Opera in a Chilled-out World
I am a huge fan of Metropolitan Opera productions and luckily there is a theatre only an hour away from our rural community which brings in the Met’s live theatre-transmission broadcasts. In January this year I made the trek over to take in Puccini’s Turandot.
Ten minutes into the opera, our modern-day sensibilities have been assaulted by sexism (why, says one of the male leads, would a man settle for one woman, when 100 different pairs of arms and legs would be far more interesting?), ageism (the male lead’s father is constantly referred to – in person – as ‘the old man’, worthy of one’s pity and comfort and not much more), racism (the Chinese ministers in the story have been ‘dignified’ with the names of Ping, Pang and Pong and the music framing them is with motifs with stereotypical staccato pentatonic open 5ths, etc.), and unproblematic violence (suitors not up to the princess’s standards are forthwith beheaded). How do operas get away with these ‘faux-pas’ in our ultra-sensitized world today? Was anyone else in the theatre squirming, thinking that the opera production should have been prefaced with a rider something like ‘views in early 20th opera may not be consistent with those 100 years later’, or that they should have revised the story or whatever was necessary to make it more comfortable for 21st century audiences to view? But that would still leave hanging out a mile the other much larger issue about opera librettos – the EQ factor of its principal characters.
EQ Factor of Opera Characters
From what I have observed, the principal characters in operas are notoriously lacking in emotional intelligence. A greed, a hunger, an ambition or a quest inevitably consumes them with passions we label ‘unhealthy’ today: anger, jealousy, resentment, lust, hatred, despair, intransigence, myopia (oops I guess that last one constitutes a flaw in general intelligence!). They’re either after a wrong woman/man, made a promise that costs too much to keep, have lost – usually by their own impetuosity – that which is important to them (love, power, position) or are gnashing teeth about anything which offends their sense of self-worth. Rare moments of beauty – the arias – are oasises of serenity in an otherwise sea of turbulent, self- immolating emotions: the spurned or deceived lover, the confounded or double crossed king, the shamed or rejected woman, the vengeful warrior, the spiteful crone. In an opera, emotions ignite the stage and drive the plot – the rants, the protests, the sobs, the mad scenes – carrying characters headlong into spectacular finishes that are more often disastrous than triumphant.
The dialed up emotion and some of the spectacularly stupid actions of the characters has the modern day yoga-practising, therapy indulging, self-help reading, spirituality-seeking audience member flummoxed and just a bit rattled. Guides to a happy life today – be they from cognitive behaviour therapists, positive psychologists, Buddhist practitioners, yoga mat dwellers – are urging us to cultivate our inner peace or ‘God within’ by weeding out emotions – anger, bitterness, hatred, envy, etc. – that will impede our connectedness with the world. By learning to discipline these emotions, our mind/heart is freed to tend to that which is healthy and sustaining. Mindful, self-regulated approaches to our relationships, our careers and our desires are the key to a quiet mind and a peaceful world. “May cool heads prevail”, “keep calm and carry on”: these mantras continue to be considered an effective way to deal with crisis, even at its most personal level. And of course for those therapies influenced by Eastern thought, it is only through eradicating ones desires and ego-identification that one truly achieves the emotional freedom needed to clearly see the way forward. How antithetical and unenlightened, then, are the outbursts of emotion, the cries from the depths of the soul that are the warp and weft of opera! It’s enough to make one blemish in, not sympathy, but embarrassment for our poor misguided divas. Perhaps they need to consider anti-anxiety medications?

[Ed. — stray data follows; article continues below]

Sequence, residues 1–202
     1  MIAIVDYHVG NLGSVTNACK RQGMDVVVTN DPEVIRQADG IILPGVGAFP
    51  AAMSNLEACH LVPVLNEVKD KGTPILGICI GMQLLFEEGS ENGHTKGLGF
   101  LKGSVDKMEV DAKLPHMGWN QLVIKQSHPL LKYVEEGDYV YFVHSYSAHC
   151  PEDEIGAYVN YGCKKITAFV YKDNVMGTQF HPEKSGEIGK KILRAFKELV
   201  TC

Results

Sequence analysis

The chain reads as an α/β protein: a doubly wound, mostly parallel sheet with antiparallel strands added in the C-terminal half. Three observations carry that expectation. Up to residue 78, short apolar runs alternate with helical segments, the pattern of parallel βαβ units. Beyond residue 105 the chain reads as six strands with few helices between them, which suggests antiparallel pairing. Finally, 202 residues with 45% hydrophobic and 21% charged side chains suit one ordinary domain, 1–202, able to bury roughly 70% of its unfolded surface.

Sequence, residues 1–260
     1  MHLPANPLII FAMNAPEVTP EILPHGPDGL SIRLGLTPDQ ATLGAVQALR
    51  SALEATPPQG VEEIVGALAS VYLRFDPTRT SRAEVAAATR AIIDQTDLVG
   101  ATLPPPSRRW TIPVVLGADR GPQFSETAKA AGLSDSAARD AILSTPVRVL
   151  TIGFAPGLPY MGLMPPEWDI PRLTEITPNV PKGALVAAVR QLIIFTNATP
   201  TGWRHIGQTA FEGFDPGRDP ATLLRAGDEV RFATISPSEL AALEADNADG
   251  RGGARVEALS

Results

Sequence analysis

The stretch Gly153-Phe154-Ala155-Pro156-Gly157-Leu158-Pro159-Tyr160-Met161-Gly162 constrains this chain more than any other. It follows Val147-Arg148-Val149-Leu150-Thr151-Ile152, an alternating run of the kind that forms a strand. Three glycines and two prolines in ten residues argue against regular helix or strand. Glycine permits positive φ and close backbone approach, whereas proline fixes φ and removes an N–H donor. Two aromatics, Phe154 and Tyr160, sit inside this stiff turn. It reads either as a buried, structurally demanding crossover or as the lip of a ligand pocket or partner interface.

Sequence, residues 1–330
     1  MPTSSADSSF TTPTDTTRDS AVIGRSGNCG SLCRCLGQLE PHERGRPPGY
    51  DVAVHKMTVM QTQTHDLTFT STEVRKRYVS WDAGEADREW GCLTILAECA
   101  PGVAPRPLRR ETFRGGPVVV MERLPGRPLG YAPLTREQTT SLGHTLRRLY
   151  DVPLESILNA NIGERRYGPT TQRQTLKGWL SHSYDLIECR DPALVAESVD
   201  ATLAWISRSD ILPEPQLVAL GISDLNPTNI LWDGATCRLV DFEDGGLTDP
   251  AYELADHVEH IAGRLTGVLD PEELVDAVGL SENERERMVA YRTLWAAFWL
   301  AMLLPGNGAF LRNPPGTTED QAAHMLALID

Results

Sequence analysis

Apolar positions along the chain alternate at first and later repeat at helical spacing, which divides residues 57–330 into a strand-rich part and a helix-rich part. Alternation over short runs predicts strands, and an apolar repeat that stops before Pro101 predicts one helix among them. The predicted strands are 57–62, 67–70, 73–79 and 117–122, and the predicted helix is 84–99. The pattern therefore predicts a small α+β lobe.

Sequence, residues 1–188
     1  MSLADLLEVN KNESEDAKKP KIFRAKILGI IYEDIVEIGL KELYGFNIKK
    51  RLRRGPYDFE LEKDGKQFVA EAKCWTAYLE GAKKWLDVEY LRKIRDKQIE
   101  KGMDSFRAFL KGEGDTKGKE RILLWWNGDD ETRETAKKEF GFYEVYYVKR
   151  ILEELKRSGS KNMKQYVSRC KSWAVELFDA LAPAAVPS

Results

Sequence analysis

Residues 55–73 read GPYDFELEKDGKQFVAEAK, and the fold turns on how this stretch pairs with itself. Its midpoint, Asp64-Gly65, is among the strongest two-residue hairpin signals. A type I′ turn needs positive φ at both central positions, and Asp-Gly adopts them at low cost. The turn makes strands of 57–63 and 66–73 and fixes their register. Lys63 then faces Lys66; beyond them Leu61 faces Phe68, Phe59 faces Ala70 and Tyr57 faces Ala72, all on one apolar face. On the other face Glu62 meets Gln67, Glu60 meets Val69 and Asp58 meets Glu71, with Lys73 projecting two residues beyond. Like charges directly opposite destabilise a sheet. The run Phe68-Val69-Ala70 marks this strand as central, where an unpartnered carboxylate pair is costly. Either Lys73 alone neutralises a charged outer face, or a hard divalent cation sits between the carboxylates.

The Story that Compels
But we continue to tolerate those self-indulgent, anachronistic displays of emotion because without them, we’d have a tepid story. To fill an operatic stage, to give singers a reason to plumb the possibilities of their instrument – without appearing to engage in one meaningless virtuosic display after another – we need to give them something to sing about. So the story needs to be dramatic, larger than life and replete with people with a lot more heart than sense. There’s no such thing as a cold and calculating hero, an unruffled heroine, an epic comedy – this is life at its most colossal, its most intense. These are not pleasant bedtime stories or Reader’s Digest selections, this is the stuff of tall tales, myths, legends, allegories, about mortals learning timeless, immortal truths. Perhaps our divas are just the stand-ins, the icons for human folly everywhere, allowing us to heed the lessons their stories portray. Opera heroes as scapegoats? As fallen angels? Or as momentary flashes of honesty from what has become an emotionally flattened, albeit much more reasoned world? Whatever it is, the carthasis effected by being in the presence of those who are expressing the gamut of what it means to be human – the dark and the sublime – is undeniable. I think it’s good to let it all hang out – in a gloriously constructed artform – once in a while. Besides, guaranteed, you’ll love the music. And the birdseye views of the costumes, the sets, the artists, the backstage activity during intermissions…